Ontario Since Confederation contains some of the most recent scholarship in the field of post-Confederation Ontario history. This comprehensive collection, the first of its kind to be published in almost a decade, is intended primarily to introduce students to new areas of debate and new methodologies in Ontario history.
The articles range widely over the political, economic, and social history of the province, encompassing both traditional and newly emerging topics. They focus on the theme of 'state and society,' describing and articulating the interactions between social values and ideals, political action, and government bureaucracies from diverse perspectives. The collection raises fundamental questions about the role, nature, and development of the modern bureaucratic state. How pervasive was the influence of the state? Does the state determine or reflect social values? To what degree, and in what manner, could the powers of the state successfully be resisted?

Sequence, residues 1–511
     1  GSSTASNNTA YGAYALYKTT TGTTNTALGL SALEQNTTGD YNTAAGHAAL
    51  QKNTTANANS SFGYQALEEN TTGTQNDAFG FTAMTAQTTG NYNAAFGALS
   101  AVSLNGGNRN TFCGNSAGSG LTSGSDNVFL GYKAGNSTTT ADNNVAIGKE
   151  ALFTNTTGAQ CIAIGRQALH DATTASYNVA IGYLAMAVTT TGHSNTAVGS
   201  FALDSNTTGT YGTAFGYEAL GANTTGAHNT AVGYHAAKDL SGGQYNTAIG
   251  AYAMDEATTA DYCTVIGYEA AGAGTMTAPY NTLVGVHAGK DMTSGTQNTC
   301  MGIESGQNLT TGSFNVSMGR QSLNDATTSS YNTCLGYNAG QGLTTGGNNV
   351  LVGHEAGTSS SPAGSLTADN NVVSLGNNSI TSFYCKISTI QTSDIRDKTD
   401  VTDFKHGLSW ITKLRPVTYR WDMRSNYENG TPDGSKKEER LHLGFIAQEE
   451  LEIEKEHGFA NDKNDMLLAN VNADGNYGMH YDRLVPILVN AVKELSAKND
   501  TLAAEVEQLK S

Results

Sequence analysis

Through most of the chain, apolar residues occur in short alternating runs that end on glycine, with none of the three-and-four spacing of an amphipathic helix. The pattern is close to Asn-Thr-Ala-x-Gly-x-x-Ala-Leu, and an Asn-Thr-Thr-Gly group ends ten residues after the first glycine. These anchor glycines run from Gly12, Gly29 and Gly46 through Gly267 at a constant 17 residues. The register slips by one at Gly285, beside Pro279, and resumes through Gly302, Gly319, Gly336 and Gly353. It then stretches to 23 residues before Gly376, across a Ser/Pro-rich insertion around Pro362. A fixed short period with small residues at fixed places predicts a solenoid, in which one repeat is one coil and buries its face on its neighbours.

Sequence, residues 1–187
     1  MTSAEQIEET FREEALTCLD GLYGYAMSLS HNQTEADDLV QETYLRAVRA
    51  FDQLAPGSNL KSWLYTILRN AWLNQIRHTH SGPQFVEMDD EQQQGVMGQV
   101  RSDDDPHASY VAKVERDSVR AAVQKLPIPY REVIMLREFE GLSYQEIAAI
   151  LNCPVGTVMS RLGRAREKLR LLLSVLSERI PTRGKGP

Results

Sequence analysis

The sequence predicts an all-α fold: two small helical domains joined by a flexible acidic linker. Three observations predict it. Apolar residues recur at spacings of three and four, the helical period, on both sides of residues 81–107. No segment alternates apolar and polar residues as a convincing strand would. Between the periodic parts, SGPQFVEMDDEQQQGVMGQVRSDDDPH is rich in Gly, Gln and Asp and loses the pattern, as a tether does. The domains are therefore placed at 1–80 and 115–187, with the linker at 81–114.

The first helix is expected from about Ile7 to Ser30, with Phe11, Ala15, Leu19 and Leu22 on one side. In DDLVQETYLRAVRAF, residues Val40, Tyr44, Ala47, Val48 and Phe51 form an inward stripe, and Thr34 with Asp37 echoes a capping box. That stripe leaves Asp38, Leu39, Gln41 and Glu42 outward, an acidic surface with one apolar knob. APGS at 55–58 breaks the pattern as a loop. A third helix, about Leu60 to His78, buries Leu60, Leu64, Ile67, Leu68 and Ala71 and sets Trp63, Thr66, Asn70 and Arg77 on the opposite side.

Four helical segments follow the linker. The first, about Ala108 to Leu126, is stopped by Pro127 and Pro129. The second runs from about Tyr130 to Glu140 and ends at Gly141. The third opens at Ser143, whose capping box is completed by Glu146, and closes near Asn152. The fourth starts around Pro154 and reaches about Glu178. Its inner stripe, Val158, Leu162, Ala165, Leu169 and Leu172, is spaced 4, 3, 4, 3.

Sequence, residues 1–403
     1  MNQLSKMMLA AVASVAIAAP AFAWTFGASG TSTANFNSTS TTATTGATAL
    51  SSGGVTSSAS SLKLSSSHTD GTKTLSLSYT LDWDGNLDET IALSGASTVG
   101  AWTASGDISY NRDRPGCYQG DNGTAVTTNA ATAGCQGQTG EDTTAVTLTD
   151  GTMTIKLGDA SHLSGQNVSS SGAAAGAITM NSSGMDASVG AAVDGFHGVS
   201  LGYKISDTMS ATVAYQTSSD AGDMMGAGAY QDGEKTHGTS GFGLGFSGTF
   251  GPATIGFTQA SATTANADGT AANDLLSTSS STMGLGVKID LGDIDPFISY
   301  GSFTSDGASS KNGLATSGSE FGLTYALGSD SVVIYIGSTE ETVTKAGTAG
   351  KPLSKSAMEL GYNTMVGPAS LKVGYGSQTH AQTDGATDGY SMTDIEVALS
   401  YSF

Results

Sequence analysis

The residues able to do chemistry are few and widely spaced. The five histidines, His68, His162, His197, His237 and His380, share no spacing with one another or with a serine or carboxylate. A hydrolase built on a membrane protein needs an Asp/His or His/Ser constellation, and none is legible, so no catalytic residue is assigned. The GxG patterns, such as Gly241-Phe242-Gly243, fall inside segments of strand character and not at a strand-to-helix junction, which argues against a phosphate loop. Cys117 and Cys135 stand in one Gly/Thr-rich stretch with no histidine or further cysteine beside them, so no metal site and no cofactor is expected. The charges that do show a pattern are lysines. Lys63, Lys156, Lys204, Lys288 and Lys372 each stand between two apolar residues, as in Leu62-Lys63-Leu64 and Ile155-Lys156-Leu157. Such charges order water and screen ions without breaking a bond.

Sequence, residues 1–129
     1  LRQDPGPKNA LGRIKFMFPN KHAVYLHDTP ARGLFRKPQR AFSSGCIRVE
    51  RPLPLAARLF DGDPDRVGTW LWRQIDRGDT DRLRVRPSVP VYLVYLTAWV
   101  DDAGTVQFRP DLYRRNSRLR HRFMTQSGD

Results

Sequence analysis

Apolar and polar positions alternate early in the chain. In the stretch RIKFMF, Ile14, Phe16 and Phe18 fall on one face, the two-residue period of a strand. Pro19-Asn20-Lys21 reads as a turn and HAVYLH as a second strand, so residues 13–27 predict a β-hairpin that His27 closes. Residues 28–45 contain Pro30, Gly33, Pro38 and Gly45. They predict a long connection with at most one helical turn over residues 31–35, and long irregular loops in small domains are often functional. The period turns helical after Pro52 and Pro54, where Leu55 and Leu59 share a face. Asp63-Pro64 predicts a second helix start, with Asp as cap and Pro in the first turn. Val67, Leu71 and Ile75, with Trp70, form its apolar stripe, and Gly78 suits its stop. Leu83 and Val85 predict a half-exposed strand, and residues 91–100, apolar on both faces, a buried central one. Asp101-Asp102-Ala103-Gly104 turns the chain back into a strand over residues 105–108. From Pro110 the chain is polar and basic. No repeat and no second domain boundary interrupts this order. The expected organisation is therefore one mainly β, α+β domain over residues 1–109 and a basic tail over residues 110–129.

Focusing specifically on Ontario history, contributors address the paradoxical relationship between provincial and national history. Some essays explore the influence of the federal government on the province in areas such as pollution management, native rights, and welfare. Other chapters discuss issues of interracial relationships, the family, and unwed motherhood.
The variety of topics and approaches represented in this collection attests to the diversity of Ontario and the rich social fabric of its history.